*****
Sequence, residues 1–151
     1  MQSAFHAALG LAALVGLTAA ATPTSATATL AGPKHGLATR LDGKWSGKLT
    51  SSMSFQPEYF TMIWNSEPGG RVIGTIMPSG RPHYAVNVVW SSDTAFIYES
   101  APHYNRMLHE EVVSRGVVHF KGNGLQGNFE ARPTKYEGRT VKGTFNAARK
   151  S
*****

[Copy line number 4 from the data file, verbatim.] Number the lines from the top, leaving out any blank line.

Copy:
   101  APHYNRMLHE EVVSRGVVHF KGNGLQGNFE ARPTKYEGRT VKGTFNAARK